2. Spending Too Much Money in Retirement
Once you stop working, other than dividends and capital gains in your portfolio, the
cash flowing into your retirement kitty also comes to a halt. Those who want to
spend heavily earlier in their retirement are prone to what economists call
"hyberbolic discounting."
This phenomenon could also be called the "spend it while I have it" syndrome--that
is, you spend money in the present thinking it won't be around in the future. Many
tend to think that consumption now is better than savings or investment.
How do you short-circuit hyberbolic discounting? It's pretty simple. Look at the time
value of money and build a graph using a basic savings calculator. See how it can
grow over time versus taking a payment now. Once you see the magic of
compounding at work, it should easily outweigh most other uses for that money
today.
3. Going It Alone
If you haven't been working with third parties, then maybe now is the time. There
are a host of professionals from retirement planners to certified financial planners
who can help you create a rational plan.
It's often said by many retirees that "I've gotten this far without help, why do I
need someone now?" There's no shame in hiring a professional who can either craft
or guide a plan. They can spot some common errors in investment allocations,
withdrawals, spending, taxes, and longevity risk. They can also keep you (or put
you back) on course so that you don't outlive your money.
A key element in bringing in some outside advice is trust. You need to know whether
the people you involve in correcting retirement planning mistakes have done it
before and have the expertise to guide you.
Use advisors who are not focused on selling you products, which would exclude
most brokers and agents. Pay for their time and expertise and avoid those working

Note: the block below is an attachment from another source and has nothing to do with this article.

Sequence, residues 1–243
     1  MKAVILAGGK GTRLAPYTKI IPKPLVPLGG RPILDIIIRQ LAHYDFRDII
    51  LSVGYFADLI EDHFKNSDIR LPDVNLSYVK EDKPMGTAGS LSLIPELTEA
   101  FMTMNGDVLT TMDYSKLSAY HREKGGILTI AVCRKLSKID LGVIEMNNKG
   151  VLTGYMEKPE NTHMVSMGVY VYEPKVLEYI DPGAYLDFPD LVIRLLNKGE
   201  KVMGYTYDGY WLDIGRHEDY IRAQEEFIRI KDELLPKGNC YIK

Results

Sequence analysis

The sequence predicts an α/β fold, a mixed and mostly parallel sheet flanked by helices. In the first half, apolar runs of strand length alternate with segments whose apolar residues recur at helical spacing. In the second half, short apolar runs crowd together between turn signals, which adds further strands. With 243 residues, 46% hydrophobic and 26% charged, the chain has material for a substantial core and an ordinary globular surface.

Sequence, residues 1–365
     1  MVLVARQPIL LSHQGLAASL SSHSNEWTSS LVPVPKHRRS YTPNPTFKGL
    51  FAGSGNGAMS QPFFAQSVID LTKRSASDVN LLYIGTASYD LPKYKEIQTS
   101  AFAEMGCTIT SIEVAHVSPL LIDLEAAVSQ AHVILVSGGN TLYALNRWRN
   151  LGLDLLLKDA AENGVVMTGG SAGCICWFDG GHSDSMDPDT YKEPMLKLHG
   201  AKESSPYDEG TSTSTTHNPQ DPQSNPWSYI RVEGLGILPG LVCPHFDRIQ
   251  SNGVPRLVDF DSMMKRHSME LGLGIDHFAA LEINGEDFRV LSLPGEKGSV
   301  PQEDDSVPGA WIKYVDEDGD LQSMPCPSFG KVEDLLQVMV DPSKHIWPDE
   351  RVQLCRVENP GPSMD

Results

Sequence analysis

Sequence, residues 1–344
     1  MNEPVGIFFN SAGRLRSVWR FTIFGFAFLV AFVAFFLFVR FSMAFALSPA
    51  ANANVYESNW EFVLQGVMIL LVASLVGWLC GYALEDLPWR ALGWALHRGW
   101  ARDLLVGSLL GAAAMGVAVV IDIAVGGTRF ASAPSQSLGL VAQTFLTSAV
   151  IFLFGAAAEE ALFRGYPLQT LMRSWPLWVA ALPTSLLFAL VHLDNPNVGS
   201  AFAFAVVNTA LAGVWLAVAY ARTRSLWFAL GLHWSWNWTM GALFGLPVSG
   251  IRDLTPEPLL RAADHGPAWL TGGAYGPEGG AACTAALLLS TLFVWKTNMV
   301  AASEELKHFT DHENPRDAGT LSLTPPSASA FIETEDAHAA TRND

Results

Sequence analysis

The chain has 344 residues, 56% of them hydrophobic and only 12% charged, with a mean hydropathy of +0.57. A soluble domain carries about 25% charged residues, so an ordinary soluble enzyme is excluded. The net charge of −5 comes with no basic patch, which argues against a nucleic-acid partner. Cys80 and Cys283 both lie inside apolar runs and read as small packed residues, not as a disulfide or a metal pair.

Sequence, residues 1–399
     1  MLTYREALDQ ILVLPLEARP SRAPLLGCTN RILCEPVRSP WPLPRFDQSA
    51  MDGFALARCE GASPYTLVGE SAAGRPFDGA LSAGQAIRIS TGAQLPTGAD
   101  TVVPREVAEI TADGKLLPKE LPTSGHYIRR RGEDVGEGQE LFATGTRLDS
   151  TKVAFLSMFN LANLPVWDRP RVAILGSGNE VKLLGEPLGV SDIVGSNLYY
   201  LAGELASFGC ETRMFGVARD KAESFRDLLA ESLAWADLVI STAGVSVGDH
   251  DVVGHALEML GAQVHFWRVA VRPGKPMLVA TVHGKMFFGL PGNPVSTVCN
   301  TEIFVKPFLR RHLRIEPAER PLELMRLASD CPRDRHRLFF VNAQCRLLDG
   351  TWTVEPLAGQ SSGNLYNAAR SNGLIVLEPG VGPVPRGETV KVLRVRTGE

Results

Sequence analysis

exclusively on commission.
"The most powerful and least-studied factor is trust," notes Russell Yazdipour,
professor of finance at California State University. "It's the glue that holds the
system together."
Once broken, trust is difficult to regain. That's why it's important to get references
for advisors--and check them out. They can facilitate learning and keep you
focused on your goals. But you have to make sure they are fiduciaries, that is, they
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have a stated legal obligation to put your interests above those of the firm.
Fiduciaries include most financial planners, registered investment advisers, chartered
financial analysts, and lawyers.
Read more: 6 Steps to Hiring a Financial Planner
By combining an environment of trust with a focused, fact-based approach to
retirement, you may not be able to completely overcome your worst tendencies, but
you could at least build a new knowledge base. That, in itself, could lead to some
positive changes.
John F. Wasik is a freelance columnist for Morningstar.com and author of the book Keynes's Way to Wealth, from which some of this
column has been excerpted. The views expressed in this article do not necessarily reflect the views of Morningstar.com.
John F. Wasik is a freelance columnist for Morningstar and author of 13 books, including The
Audacity of Help: Obama's Economic Plan and the Remaking of America
(www.audacityofhelp.net).